HP builds 3D printer partner network, Stratasys does eyewear, Carbon focuses on materials costs

A trio of 3D printing manufacturers are making moves that boost adoption for additive manufacturing systems.
Written by Larry Dignan, Contributor

Big manufacturing firms embrace 3D printing

HP lined up more partners for its 3D printing efforts, Stratasys launched systems for eyewear frame prototyping, and Carbon outlined a materials program for large manufacturers.

As for HP, the company outlined a set of European customers at the TCT Show 2017. In addition, Henkel will become the first global reseller of HP JetFusion 3D printers. HP said it has 30 resellers and partners in Europe.

New HP customers included Danfoss Group, ETH Zurich, Jaguar-Land Rover, KTM, and The Manufacturing Technology Center. HP also outlined more than 25 HP 3D Printing Reference and Experience Centers throughout Europe.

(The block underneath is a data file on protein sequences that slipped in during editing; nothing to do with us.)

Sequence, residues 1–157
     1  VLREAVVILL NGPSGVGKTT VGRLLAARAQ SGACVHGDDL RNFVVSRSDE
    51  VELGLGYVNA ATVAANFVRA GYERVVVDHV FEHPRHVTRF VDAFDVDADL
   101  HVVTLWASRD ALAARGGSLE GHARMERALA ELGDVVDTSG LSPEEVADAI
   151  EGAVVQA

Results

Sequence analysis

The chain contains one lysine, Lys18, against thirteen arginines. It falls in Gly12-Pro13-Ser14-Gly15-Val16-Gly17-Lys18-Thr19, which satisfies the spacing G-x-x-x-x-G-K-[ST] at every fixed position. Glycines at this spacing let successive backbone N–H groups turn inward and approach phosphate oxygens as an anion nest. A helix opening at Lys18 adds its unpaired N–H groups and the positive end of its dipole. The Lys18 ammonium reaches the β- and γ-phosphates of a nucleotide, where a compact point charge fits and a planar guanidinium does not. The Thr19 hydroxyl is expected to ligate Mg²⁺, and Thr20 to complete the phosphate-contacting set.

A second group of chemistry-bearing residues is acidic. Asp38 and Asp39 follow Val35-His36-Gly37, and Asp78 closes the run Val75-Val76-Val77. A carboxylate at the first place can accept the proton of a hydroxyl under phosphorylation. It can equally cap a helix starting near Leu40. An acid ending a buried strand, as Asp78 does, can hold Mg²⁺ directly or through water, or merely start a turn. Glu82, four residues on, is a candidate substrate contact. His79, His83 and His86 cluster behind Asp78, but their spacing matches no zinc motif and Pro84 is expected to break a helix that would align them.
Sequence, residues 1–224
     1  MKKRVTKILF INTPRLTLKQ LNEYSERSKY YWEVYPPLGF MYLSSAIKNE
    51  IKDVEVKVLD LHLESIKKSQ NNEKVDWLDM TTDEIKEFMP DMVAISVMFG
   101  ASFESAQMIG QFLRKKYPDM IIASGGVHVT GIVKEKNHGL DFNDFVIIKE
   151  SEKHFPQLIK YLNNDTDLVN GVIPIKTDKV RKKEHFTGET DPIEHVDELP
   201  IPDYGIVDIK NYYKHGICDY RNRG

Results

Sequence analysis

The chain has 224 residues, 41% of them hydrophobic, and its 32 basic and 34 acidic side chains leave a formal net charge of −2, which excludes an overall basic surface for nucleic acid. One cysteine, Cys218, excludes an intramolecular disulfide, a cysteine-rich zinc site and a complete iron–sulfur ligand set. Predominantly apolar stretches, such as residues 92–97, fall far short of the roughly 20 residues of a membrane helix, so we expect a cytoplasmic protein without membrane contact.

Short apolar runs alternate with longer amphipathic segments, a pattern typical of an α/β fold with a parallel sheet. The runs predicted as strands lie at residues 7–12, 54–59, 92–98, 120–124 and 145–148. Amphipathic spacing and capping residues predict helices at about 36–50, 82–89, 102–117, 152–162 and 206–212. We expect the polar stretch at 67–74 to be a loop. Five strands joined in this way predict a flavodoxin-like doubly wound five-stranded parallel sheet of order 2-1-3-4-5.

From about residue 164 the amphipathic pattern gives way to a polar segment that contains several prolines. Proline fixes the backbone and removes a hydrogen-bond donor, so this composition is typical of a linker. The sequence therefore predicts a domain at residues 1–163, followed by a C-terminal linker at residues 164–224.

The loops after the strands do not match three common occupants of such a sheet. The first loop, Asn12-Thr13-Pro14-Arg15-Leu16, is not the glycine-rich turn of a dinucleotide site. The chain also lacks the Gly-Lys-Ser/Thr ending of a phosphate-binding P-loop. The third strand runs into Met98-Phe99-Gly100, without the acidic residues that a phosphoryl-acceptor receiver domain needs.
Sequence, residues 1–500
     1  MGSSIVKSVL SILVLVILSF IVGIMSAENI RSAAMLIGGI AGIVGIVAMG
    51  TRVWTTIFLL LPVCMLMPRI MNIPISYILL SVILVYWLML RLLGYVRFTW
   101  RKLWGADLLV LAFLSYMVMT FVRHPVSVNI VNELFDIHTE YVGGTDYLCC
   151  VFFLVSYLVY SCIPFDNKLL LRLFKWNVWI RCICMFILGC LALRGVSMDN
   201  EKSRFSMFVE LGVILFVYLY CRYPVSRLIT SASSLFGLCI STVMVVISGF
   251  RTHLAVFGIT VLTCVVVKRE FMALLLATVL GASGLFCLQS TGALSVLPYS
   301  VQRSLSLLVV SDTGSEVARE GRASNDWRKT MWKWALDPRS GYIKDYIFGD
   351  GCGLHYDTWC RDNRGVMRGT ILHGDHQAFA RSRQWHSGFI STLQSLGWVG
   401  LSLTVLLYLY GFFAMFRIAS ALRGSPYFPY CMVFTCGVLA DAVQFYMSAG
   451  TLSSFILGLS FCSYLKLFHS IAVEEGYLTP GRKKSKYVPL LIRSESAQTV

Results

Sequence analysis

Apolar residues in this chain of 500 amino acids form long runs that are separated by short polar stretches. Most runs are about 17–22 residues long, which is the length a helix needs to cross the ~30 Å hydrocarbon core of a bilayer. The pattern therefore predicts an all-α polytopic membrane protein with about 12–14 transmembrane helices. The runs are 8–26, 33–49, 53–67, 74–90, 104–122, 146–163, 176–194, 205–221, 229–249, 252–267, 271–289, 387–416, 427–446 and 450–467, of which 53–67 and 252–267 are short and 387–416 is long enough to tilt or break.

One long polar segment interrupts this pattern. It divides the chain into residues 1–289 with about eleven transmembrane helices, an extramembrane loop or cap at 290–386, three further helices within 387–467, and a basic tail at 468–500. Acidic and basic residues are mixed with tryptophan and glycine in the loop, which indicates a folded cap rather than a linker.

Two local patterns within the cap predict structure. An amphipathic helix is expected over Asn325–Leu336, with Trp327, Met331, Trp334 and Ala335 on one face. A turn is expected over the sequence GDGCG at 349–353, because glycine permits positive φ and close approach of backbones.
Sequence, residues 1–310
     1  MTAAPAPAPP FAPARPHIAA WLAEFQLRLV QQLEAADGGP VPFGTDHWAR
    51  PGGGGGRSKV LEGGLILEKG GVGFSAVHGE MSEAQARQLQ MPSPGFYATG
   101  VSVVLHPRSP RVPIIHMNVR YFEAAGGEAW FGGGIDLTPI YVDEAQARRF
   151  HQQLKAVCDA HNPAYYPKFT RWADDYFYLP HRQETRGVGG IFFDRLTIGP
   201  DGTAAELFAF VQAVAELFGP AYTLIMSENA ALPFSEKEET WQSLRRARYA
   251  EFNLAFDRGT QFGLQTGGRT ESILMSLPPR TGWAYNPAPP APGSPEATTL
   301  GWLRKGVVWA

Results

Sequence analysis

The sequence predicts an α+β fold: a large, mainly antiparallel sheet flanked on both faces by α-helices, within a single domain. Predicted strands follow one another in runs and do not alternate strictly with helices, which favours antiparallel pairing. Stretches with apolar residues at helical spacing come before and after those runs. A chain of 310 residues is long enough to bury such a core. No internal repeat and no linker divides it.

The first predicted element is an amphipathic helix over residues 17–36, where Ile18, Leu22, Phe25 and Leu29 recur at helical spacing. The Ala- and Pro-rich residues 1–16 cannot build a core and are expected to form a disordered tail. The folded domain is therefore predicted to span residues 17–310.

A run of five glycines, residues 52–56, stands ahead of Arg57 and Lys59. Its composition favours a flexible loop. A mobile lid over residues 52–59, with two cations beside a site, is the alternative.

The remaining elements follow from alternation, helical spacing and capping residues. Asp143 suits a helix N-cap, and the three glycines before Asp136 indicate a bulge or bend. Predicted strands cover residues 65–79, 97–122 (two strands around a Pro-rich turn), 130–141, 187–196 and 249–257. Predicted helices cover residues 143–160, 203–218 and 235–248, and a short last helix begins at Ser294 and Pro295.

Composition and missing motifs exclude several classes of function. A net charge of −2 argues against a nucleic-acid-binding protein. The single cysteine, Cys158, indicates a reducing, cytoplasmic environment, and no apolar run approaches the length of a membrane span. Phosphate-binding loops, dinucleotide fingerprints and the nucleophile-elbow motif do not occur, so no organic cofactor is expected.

Stratasys launched its VeroFlex Rapid Prototyping Eyewear Solution that aims to cut 15 months out of an 18 month design to store shelf process for eyewear.

With 3D printing, eyewear manufacturers can churn out more prototypes and test to see what works. The Stratasys system includes its J750 Multi-color, Multi-material 3D Printer with VeroFlex, a printing material formulated for eyewear. VeroFlex can handle drop-tests, lens mounting, stress testing, and wearability tests.

Carbon, a 3D printing startup, said it will offer some of its 3D printing polymer resigns in bulk packaging with an aim of cutting prices 40 percent. Carbon's first material with bulk packaging will be rigid polyurethane 70 for $150/liter, down from $250/liter.

According to Carbon, prices for that material will fall to $100/liter over the next year.

Read also: Siemens, HP roll out 3D printing integration partnership


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